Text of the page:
Is aspartame safe?

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Aspartame is an artificial sweetener. It’s roughly 200 times as sweet as sugar and doesn’t have the bitter aftertaste of stevia [2]. That’s why you need 200 times less aspartame to give a food or drink the same sweetness. So you’re consuming 200 times fewer calories. Aspartame is basically calorie-free. Aspartame doesn’t affect your appetite, glucose or insulin levels and can thus easily save you lots of calories in your diet and result in relatively easy weight loss [2, 3, 4, 5].

 

Aspartame isn’t very heat stable though, so you can’t add it to anything before you bake or cook it. It’ll lose its sweetness. So you  have to add it to cold products or after heating them before you consume them. Still, pretty sweet, huh?

 

Aspartame
Products containing aspartame

 

It would be, if aspartame were safe. Is aspartame safe?

 

What happens to aspartame in your body?

I can already hear the first objection of the mob with pitchforks outside: “Aspartame is artificial. Of course it’s not safe! Nothing good can come of putting crazy chemicals in your body.”

 

Aspartame is indeed an artificial sweetener, food additive E951 (E-number). This chemical sounding classification frightens many people, but this fear is rooted in ignorance. Fear of the unknown is a basic principle of human psychology. There are about 1500 other E-numbers, of which hundreds are artificial. Ironically, the E-number is in fact a certificate of safety. It means the European Union has decided a food additive is safe for human consumption.

 

Still, many people don’t like the idea of consuming ‘a chemical substance’, so let’s go deeper into what happens when aspartame enters your body. Your body hydrolizes (digests) aspartame efficiently and fully. The substance is in your body for a short time and doesn’t accumulate. Aspartame gets broken down to 50% phenylalanine, 40% aspartic acid, and 10% methanol.

Toxic substances? No, all of these substrates are a natural part of common foods, such as tomatoes, milk, eggs and meat. The acceptable daily intake of aspartic acid in most people’s diets is 60 times higher than what can be converted from aspartame. For phenylalanine it’s 35 times higher. A glass of tomato juice contains 6 times more methanol than the same amount of aspartame-sweetened soda. Studies have found no toxicity and no increase in plasma concentrations of methanol, formic acid or phenylalanine after consuming up to 50 mg/kg aspartame a day. That’s the equivalent of about 17 cans of diet soda for the average 70 kg person.

 

Take-home message: Aspartame is broken down into harmless substances that are found in much higher concentrations in many whole foods.

 

 

Is aspartame safe?

Even though aspartame is only in your body very briefly and it is then broken down into harmless substances, it could still be harmful during its short visit in your body. Before we look at the scientific evidence, it’s important to realize what harmfulness – toxicity is the correct terminology – really entails. Many people think that some substances are toxic (harmful) and others are not. This is not the case. Every substance is toxic, even water. Toxicity is often measured as the needed amount when side-effects occur, compared to an average consumption. For example, LD50 is the degree of toxicity at which an organism has a 50% chance of dying. When we call a substance harmful, this actually means the dose of this substance at which you experience side-effects isn’t much bigger than a normally-sized portion. For example, even a small amount of heroin can be very harmful, which is why we call it toxic. However, you have to drink absurd amounts of water to get ill, so we call water safe. One of the most basic principles of toxicology is therefore: the dose makes the poison. The question is thus not “Is aspartame toxic?” but rather “How much aspartame do you need to consume for it to potentially be harmful?”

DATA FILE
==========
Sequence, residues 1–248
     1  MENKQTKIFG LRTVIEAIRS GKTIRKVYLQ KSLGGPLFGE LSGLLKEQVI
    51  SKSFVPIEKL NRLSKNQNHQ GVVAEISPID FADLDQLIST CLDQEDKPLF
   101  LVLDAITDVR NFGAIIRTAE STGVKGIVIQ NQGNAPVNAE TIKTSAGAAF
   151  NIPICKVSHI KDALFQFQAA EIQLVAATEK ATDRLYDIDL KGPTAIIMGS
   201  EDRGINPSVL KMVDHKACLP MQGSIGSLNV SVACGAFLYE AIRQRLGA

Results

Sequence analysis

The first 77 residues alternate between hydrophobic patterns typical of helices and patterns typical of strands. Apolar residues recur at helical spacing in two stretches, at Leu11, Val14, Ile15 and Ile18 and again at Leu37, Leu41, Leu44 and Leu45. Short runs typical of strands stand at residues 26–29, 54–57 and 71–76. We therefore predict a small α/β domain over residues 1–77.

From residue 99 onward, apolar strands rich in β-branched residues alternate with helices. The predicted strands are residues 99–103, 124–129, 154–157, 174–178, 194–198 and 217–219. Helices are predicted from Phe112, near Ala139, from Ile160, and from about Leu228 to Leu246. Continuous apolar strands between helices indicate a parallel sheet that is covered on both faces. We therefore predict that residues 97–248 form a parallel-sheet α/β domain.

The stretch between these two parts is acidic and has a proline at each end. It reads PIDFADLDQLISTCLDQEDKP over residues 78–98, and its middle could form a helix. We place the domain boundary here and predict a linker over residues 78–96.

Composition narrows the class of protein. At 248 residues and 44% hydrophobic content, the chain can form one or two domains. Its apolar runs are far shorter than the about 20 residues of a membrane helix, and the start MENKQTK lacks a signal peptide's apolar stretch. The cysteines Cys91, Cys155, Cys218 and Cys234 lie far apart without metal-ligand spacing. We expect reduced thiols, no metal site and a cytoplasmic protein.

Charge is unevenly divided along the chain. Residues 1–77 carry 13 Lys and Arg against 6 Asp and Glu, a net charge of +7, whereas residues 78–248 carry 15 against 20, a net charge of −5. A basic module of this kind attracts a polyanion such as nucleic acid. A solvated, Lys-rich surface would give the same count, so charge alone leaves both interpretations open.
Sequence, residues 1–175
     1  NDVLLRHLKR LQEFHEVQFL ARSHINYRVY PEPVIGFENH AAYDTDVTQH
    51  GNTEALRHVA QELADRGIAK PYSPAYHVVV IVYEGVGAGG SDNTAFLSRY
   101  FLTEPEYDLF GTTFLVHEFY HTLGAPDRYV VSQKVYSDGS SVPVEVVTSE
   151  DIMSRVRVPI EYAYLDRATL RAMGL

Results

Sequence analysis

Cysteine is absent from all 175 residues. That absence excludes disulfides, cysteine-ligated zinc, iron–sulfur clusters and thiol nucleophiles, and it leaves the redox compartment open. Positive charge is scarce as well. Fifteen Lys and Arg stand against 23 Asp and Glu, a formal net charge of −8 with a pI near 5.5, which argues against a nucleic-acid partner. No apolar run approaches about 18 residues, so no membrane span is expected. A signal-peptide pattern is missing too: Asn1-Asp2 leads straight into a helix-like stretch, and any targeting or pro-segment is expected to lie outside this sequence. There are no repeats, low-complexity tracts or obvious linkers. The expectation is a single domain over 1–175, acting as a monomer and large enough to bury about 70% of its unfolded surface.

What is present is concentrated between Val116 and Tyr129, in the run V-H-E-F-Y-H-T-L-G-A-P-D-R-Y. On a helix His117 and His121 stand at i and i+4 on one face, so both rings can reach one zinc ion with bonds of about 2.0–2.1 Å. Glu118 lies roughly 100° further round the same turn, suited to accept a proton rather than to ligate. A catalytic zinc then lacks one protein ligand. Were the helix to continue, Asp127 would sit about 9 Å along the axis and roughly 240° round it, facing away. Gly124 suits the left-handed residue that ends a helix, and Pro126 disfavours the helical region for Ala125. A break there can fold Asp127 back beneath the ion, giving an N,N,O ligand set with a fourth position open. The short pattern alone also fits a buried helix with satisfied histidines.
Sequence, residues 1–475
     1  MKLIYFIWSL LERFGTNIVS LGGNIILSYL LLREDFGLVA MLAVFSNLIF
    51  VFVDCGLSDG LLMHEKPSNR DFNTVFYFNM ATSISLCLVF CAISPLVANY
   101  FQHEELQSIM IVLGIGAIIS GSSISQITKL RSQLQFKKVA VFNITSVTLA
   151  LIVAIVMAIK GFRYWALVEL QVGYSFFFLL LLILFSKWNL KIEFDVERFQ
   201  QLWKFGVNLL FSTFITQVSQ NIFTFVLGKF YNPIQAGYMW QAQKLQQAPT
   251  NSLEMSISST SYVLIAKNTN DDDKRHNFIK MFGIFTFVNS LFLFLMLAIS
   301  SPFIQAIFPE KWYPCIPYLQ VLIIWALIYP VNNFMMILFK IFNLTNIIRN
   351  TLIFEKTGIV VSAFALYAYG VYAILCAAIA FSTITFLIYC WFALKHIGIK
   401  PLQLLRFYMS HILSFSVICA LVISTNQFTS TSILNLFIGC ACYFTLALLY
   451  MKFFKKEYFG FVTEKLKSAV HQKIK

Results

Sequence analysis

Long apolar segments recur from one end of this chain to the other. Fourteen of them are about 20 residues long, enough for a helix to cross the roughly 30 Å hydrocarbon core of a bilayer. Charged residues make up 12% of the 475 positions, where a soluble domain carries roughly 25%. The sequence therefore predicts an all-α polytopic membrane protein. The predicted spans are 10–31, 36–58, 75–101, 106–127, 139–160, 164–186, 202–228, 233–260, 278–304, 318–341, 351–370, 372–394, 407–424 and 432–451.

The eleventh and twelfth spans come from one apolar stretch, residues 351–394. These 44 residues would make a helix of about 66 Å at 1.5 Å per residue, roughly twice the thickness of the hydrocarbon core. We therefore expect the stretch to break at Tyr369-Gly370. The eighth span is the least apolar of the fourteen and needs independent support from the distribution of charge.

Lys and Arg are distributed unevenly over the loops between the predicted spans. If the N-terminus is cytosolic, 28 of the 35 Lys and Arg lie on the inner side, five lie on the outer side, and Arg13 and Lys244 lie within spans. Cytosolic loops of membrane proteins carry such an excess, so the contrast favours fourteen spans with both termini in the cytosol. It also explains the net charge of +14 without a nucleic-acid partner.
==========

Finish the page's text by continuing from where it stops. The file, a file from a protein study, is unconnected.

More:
Let’s put the toxicity of aspartame in perspective. A diet soda typically contains 50-125 mg of aspartame. The Acceptable Daily Intake (ADI) of aspartame is 40-50 mg/kg according to the following organizations.

  • European Food Safety Authority (ESFA)
  • The World Health Organization (WHO)
  • The US Food and Drug Administration (FDA)
  • The Joint FAO/WHO Expert Committee on Food Additives (JECFA)
  • The Scientific Committee for Food (SCF)
  • The EFSA Panel on Food Additives and Nutrient Sources Added to Food (ANS)
  • About 90 other organizations spread over the globe.

 

Even if we take the highest aspartame content of 125 mg per can of Diet Coke and the lowest ADI of 40 mg/kg, a 50 kg woman can consume 16 cans of Diet Coke every day without harmful effects. If we go with an ADI of 50 mg/kg as the FDA deems safe and Coke Zero with 58 mg per can, an 80 kg man can consume 68 cans of Coke Zero per day without harmful effects. Unsurprisingly then, most people do not consume anywhere near the ADI.

 

If you’re worried that your aspartame intake may actually be close to the ADI, note that the ADI is calculated by taking the lowest dosage at which side effects are observed in research (animal research mostly as in humans no health effects have been reliably found) and then applying an error margin of factor 100. So no health risks have actually been found up until you’re consuming a 100 times the ADI or upwards of 1600 cans of diet soda. Per day.

 

The European Food Safety Authority has a rule that substances should be re-evaluated yearly. This has happened for aspartame several times, and again and again, they conclude that there’s no reason for worry: aspartame is safe for human consumption, including children and pregnant women, as long as the Acceptable Daily Intake isn’t exceeded.

 

Aspartame is one of the world’s most investigated food ingredients. The FDA, often regarded the world’s leader on food safety, has even announced that the safety of aspartame is “clear cut”.

 

Of course, just because all these authorities say aspartame is safe up to at least the ADI doesn’t make it so. Let’s look at the scientific research directly. In humans, the Acceptable Daily Intake has no relation to getting cancer, digestive problems, diabetes, artery or heart disease, or premature birth. [2] That’s the conclusion of a team of 5 international experts who were invited by the scientific journal Food and Chemical Toxicology to determine the safety of aspartame. If you’re skeptical about the researchers’ motives, this research was sponsored by the Italian Association for Cancer Research and published in October 2013.